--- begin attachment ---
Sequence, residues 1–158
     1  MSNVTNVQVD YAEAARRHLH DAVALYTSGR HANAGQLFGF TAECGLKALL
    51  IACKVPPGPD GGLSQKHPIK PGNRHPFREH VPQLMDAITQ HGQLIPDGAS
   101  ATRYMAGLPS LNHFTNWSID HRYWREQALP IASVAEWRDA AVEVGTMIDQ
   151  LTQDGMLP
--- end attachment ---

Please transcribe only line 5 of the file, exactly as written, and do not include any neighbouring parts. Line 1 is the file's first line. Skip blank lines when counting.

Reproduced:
   151  LTQDGMLP